This past weekend, I hit the last stop on my conference tour, the Writer’s Digest Conference in New York City. Getting there meant a long train ride through rural Pennsylvania, during which I had a lot of time to think. And to make myself real nervous.

I like New York. Always have. The dynamism. The diversity. The pizza. But this wasn’t a vacation. I went there to work. I have a book to sell, after all.

The conference had its highs and lows. First the highs: I learned A LOT. And everyone seemed to be having a great time. The conference was held in the Roosevelt Hotel, a beautiful old building near Grand Central. The conference itself was very well-run, a few minor hiccups notwithstanding. And I got to meet author Jonathan Maberry, who easily makes my list of Literary Heroes. He signed a book for me, too.

And now the lows: my book needs a TON of work. Or, it’s completely perfect. I couldn’t really tell which. This is not the fault of the speakers and presenters, just my own anxieties and insecurities. With each talk, I went from one end of the spectrum (I did it right! My book is brilliant!) to the other (I fucked it all up! I FUCKED IT ALL UP!). In the end, I took another look at my book, changed a couple of words and added a few sentences, and decided that I’m very happy with it. Crisis averted.

But the worst thing, by far, was a single word I kept hearing from some of the various presenters: luck. “I got lucky.” “It was a stroke of luck.” As an aspiring author, this is NOT what I want to hear from people who’ve managed to get their books into print. Luck? What is that? Can luck be quantified? Can it be purchased or earned or won or found? How do I proceed?

Let’s be clear: when trying to learn the nuts-and-bolts and the ins-and-outs of getting a book into a bookstore, luck is not something I want to hear about. I’d like to think that, when someone talks about how they “got lucky,” what they really mean is “I did something, but I have NO IDEA what it might have been.” This makes more sense than the fictional and demoralizing notion of luck.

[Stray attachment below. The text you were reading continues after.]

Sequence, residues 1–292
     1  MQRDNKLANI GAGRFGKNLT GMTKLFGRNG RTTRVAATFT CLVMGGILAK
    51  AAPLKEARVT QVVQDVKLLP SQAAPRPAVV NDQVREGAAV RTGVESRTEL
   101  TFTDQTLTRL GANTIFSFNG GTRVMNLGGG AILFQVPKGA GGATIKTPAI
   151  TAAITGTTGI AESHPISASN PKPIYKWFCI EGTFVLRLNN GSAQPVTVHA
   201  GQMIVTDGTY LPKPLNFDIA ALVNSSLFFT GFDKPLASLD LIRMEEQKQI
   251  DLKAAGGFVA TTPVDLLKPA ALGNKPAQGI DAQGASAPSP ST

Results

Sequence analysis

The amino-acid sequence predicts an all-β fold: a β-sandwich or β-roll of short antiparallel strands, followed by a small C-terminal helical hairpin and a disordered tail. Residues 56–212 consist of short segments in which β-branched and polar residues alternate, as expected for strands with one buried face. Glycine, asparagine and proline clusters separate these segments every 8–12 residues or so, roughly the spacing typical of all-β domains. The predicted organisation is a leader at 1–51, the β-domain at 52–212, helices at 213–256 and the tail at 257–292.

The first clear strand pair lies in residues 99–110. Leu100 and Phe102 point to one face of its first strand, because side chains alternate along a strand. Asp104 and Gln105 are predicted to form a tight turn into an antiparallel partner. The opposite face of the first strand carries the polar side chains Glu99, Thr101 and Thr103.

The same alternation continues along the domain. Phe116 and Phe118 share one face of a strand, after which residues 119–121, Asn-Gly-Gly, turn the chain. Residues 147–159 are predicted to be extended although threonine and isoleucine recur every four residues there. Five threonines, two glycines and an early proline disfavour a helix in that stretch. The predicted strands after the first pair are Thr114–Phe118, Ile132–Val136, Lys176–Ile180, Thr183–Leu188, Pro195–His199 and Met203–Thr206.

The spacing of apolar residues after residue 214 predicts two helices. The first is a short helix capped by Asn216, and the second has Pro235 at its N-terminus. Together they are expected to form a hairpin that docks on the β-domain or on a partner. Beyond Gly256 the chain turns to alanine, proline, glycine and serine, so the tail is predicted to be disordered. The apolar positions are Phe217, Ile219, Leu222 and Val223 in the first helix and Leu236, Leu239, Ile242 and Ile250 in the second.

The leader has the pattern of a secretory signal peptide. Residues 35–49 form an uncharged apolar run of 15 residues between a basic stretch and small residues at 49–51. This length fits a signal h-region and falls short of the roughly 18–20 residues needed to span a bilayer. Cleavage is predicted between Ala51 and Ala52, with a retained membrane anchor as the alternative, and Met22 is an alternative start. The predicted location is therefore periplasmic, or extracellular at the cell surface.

And besides, saying it was luck detracts from talent and hard work. You people are talented. You worked hard. Don’t say it was luck, don’t say ANY PART of it was luck. It wasn’t. Luck doesn’t exist. It never did. We’re all smart people. We should know this.

And I certainly don’t want to hear about it. Luck, if it existed, would be analogous to privilege, and I damn sure don’t want to hear about your privilege. I want to hear about how you navigated the world of publishing, how you landed an agent and got your manuscript in front of an editor. I want to hear how you poured yourself into your story and how good it felt to see that story on the shelf at Barnes and Noble. And above all, I want to hear that it’s something I can do, too.

I don’t want to come off here as completely angry and bitter. I love these people, and they all helped me immensely. There was plenty of great advice and insight given at this conference. It was well worth the trip and the expense. It was an experience. Did I sell my book? Not yet. Will I? Probably. I know my query needs work. I know there’s still plenty of agents to contact. I’m inspired and excited to keep going, to be a writer, to sell my stuff and have a damn good time doing it.

And I intend to share as much of my experience as possible, much like my old “I want to make videogames” posts (part one here). Which, by the way, is still on my list. But right now, I’m still on the road, and I miss my wife and cats. Soon, I’ll be home. No luck needed.

Leave a Reply

Please log in using one of these methods to post your comment:

WordPress.com Logo

You are commenting using your WordPress.com account. Log Out /  Change )

Google photo

You are commenting using your Google account. Log Out /  Change )

Twitter picture

You are commenting using your Twitter account. Log Out /  Change )

Facebook photo

You are commenting using your Facebook account. Log Out /  Change )

Connecting to %s